The mountain may have been known to non-Africans since antiquity. Sailors’ reports recorded by Ptolemy mention a “Moon Mountain” and a spring lake of the Nile, which may indicate Kilimanjaro; although available historical information does not allow differentiation among Mount Kenya, the mountains of Ethiopia, the Virunga Mountains, Kilimanjaro, and the Rwenzori Mountains. Before Ptolemy, Aeschylus and Herodotus referred to “Egypt nurtured by the snows” and a spring between two mountains, respectively. One of these mentions two tall mountains in the coastal regions with a valley with traces of fire in between. Martín Fernández de Enciso, a Spanish traveller to Mombasa who obtained information about the interior from native caravans, said in his Summa de Geografía (1519) that west of Mombasa “stands the Ethiopian Mount Olympus, which is exceedingly high, and beyond it are the Mountains of the Moon, in which are the sources of the Nile”.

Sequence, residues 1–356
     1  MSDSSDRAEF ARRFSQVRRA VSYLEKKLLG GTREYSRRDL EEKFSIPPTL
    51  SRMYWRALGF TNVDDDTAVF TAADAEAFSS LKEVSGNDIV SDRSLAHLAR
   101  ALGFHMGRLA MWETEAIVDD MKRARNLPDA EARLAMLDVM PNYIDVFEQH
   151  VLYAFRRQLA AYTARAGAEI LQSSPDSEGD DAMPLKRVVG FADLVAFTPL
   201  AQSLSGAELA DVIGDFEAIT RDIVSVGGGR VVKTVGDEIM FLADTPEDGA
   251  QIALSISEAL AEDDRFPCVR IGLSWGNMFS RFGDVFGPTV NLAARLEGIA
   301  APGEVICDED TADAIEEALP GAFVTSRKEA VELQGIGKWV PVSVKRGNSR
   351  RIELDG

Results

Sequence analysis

The German missionaries Johannes Rebmann of Mombasa and Krapf were the first Europeans to try to reach the snowy mountain. According to English geographer Halford Mackinder and English explorer Harry Johnston, Rebmann in 1848 was the first European to report the existence of Kilimanjaro. Hans Meyer has claimed that Rebmann first arrived in Africa in 1846 and has quoted Rebmann’s diary entry of May 11, 1848, as saying, “This morning, at 10 o’clock, we obtained a clearer view of the mountains of Jagga, the summit of one of which was covered by what looked like a beautiful white cloud. When I inquired as to the dazzling whiteness, the guide merely called it ‘cold’ and at once I knew it could be neither more nor less than snow…. Immediately I understood how to interpret the marvelous tales Dr. Krapf and I had heard at the coast, of a vast mountain of gold and silver in the far interior, the approach to which was guarded by evil spirits.” In light of these sources, J. Shearson Hyland’s assertion that Rebmann first saw the mountain in 1840 appears to be erroneous.